It was bright and sunny east of the Blue Ridge Mountains, and Walt Childs and I decided to head west over the mountains and check out the southern Shenandoah Valley. As we approached Rockfish Gap, we encountered fairly heavy fog, and were suprised to see so much fog in the Shenandoah Valley. But we continued on, hoping that the fog would clear by the time we reached our first stop: McCormick's Mill in Raphine (Rockbridge County).
The fog was starting to clear when we arrived, and by the time we left about an hour later, most of the fog was gone, and we had already logged 33 avian species on this trip.
Northern Flicker; Golden-crowned Kinglet
Our next stop was at Willow Lake where we added four new species: Canada Goose, Ruddy Duck, Pied-billed Grebe, and our first raptor of the day - a juvenile Sharp-shinned Hawk.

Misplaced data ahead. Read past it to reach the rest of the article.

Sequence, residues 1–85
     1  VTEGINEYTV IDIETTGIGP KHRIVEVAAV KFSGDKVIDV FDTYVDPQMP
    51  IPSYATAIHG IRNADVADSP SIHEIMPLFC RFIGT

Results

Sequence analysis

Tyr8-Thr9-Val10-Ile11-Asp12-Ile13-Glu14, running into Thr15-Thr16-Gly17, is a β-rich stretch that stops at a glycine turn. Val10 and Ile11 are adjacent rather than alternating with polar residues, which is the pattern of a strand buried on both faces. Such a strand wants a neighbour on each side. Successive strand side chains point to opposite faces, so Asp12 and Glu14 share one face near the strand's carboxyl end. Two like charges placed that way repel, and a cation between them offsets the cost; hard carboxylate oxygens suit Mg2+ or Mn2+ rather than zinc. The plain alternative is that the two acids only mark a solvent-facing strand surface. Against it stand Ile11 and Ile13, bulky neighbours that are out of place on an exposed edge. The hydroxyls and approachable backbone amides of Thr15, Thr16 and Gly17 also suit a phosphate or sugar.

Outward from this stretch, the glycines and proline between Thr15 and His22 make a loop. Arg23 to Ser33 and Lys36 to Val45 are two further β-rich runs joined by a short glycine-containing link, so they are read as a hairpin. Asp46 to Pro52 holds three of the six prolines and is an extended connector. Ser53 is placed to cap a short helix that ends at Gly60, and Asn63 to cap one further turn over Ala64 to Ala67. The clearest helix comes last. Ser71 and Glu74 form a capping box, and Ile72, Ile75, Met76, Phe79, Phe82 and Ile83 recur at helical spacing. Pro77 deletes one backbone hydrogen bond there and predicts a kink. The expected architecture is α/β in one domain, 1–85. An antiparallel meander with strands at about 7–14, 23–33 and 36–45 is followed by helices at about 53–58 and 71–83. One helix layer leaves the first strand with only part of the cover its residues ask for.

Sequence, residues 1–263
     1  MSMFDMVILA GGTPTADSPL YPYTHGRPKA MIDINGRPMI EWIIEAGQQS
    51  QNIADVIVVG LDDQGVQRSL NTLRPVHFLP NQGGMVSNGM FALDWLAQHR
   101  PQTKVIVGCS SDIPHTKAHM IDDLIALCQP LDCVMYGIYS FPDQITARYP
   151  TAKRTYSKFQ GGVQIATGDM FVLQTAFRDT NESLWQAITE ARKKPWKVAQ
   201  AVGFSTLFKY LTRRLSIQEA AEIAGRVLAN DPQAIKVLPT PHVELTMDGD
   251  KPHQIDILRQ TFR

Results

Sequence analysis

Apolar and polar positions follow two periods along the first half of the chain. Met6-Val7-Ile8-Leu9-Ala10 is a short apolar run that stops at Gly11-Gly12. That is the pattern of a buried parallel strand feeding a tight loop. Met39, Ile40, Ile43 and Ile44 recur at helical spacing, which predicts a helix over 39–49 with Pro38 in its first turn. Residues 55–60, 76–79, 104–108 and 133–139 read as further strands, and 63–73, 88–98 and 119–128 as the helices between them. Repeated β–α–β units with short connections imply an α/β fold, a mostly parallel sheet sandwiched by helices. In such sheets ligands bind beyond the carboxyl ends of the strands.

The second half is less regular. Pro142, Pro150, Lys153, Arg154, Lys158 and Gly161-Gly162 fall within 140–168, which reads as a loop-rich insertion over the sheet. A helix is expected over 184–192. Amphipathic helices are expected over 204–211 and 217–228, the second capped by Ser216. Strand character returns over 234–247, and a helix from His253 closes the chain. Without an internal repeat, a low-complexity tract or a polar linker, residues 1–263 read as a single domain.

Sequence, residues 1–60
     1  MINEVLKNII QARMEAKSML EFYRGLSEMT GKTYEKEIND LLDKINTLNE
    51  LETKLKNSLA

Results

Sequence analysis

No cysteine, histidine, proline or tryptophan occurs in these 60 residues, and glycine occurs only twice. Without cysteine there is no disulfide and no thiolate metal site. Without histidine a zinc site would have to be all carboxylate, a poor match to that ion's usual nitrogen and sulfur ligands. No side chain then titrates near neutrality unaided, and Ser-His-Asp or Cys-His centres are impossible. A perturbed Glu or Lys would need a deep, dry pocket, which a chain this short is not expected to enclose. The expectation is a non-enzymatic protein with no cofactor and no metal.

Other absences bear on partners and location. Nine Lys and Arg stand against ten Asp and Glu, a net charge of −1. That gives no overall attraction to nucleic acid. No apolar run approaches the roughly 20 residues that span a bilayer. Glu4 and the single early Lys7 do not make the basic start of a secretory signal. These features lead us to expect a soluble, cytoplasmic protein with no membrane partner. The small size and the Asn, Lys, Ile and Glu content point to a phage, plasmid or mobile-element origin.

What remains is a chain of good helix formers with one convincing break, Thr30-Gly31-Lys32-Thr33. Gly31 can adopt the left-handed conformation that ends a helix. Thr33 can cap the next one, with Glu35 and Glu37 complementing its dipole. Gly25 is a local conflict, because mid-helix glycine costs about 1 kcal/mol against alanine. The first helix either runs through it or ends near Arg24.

Sharp-shinned Hawk; Gadwall
We then headed farther west, and drove south on New Providence Road - always a good place for us on previous trips there to find raptors. We soon saw our first Red-tailed Hawk of the day.
We stopped a short distance later when we saw a pair of Northern Harriers being chased by a crow. Once the crow left, the two harriers tangled with each other - perhaps working on their defensive skills.
Northern Harrier and American Crow
We continued down the road and stopped when we saw an American Kestrel, and Walt spotted a very distant Bald Eagle.
This turned out to be a very good day for seeing raptors. We ended up with 8 American Kestrels and 14 Red-tailed Hawks on this trip.
We saw a variety of smaller birds as well.
We ended the day trip in Swoope (Augusta County), where we saw the pair of resident Bald Eagles, and two more raptor species: Cooper's and Red-shouldered Hawks, and finished the day with 49 avian species.